Mary Field, BSN ’07, DNP ’20, Receives Research Grant from Seattle Children’s Hospital

Congratulations to Mary Field, MBA, BSN, RN, CPHON, who received a research award of $9,923 from Seattle Children’s Hospital for her proposal, “A longitudinal cross-sectional evaluation of nursing satisfaction with the electronic medical record.”

Field, a Pacific Northwest native, received her BSN from Seattle U in 2007. She is now pursuing her DNP degree at SU in the Health Systems Leader track and plans to graduate in June. Her professional areas of expertise are in pediatric hematology/oncology nursing and health care informatics. She also has an MBA with an emphasis in informatics. She currently works at Seattle Children’s Hospital as a nursing manager of the inpatient hematology/oncology unit. She leads all informatics initiatives in her division from a multidisciplinary perspective.

When asked what drew her to the DNP program at SU, she said, “As a nurse administrator and informaticist, I think the combination of an MBA and DNP provides me all of the tools I need on an everyday basis at work. To move projects forward I have found I need to have a strong foundation of business skills and my graduate level nursing education allows me to take those projects and bring them to an academic level. So I know how to pitch a project AND evaluate it! I have found my formal business and nursing education to blend nicely in both of my roles as an administrator and informaticist.”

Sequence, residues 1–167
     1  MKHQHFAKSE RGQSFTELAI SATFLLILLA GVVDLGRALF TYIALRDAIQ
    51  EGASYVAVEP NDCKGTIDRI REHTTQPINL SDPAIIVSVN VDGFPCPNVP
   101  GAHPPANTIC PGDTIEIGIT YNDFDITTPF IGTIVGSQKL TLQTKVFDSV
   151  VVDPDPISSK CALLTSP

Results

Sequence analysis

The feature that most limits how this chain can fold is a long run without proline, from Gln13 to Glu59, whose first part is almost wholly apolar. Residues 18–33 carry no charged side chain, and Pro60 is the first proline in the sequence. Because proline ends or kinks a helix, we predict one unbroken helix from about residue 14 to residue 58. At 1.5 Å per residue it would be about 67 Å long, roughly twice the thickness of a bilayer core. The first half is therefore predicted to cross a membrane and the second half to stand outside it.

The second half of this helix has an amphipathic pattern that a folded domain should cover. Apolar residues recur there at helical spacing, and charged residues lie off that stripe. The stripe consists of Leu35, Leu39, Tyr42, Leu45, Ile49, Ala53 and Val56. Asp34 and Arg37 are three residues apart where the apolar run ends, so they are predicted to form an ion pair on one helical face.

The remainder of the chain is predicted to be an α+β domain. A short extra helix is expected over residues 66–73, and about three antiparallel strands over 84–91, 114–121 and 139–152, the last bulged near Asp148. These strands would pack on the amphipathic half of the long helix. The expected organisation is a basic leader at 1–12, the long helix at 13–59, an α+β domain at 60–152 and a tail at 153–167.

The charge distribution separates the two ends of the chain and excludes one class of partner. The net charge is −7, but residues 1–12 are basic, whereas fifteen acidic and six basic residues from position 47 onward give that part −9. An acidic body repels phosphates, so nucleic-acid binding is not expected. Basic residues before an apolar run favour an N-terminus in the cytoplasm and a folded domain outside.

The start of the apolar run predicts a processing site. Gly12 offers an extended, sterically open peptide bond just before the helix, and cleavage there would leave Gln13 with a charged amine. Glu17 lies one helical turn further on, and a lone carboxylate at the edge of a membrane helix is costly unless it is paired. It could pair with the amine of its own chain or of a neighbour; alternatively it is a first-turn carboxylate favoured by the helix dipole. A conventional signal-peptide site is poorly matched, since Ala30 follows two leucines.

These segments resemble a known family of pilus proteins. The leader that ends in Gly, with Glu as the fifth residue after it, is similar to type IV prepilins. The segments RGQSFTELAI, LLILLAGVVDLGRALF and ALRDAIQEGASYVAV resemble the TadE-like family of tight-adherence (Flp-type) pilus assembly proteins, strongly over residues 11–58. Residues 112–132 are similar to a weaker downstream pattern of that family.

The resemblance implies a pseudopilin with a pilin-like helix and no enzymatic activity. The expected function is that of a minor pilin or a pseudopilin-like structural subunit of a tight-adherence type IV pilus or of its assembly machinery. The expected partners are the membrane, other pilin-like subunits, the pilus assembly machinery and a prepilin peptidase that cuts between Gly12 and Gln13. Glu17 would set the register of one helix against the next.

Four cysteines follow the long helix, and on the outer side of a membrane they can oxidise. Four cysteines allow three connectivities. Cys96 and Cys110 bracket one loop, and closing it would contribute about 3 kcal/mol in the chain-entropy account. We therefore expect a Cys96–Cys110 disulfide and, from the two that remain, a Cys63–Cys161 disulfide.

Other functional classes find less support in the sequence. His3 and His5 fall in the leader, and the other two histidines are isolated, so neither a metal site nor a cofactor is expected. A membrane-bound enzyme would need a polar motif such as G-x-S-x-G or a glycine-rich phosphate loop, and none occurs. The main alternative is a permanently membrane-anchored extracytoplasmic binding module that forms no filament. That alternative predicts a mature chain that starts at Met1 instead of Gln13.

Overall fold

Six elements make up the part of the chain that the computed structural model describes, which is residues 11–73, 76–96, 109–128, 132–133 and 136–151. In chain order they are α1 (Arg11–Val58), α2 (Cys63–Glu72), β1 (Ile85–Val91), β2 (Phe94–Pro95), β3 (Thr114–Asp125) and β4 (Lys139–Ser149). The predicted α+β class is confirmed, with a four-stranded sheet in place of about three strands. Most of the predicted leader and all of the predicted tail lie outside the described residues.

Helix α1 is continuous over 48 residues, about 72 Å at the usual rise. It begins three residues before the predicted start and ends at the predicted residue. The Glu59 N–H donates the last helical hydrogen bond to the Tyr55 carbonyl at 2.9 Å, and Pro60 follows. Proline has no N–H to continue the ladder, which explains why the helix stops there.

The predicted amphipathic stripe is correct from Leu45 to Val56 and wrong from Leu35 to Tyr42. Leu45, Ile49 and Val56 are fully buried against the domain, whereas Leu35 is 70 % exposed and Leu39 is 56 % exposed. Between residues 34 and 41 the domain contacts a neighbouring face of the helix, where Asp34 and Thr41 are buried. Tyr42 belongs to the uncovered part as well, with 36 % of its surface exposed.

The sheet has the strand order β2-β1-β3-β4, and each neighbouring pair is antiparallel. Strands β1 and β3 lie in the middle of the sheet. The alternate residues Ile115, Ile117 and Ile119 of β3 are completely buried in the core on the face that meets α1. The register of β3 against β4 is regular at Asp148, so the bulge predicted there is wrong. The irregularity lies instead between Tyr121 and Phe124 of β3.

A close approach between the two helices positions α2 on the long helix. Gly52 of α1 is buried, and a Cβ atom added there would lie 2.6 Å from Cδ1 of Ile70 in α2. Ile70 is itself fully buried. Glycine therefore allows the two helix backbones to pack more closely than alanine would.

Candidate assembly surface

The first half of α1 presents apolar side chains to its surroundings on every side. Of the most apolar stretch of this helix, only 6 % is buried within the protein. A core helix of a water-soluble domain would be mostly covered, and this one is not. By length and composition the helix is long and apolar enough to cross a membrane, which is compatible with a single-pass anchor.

This grant award will fund Field’s research study evaluating nursing use, quality, and satisfaction with the electronic medical record (EMR) at Seattle Children’s Hospital, which will continue until 2022. “I want to give nurses a voice in evaluating the technological tool they use most every day!” she said. “There is a ton of published literature out there that focuses on provider satisfaction with the EMR, but very little about nursing satisfaction. I will be longitudinally evaluating this as we transition from one EMR to another while also looking at whether one’s demographics (age, tenure in the role, type of nurse, and unit) make a difference in nursing satisfaction.”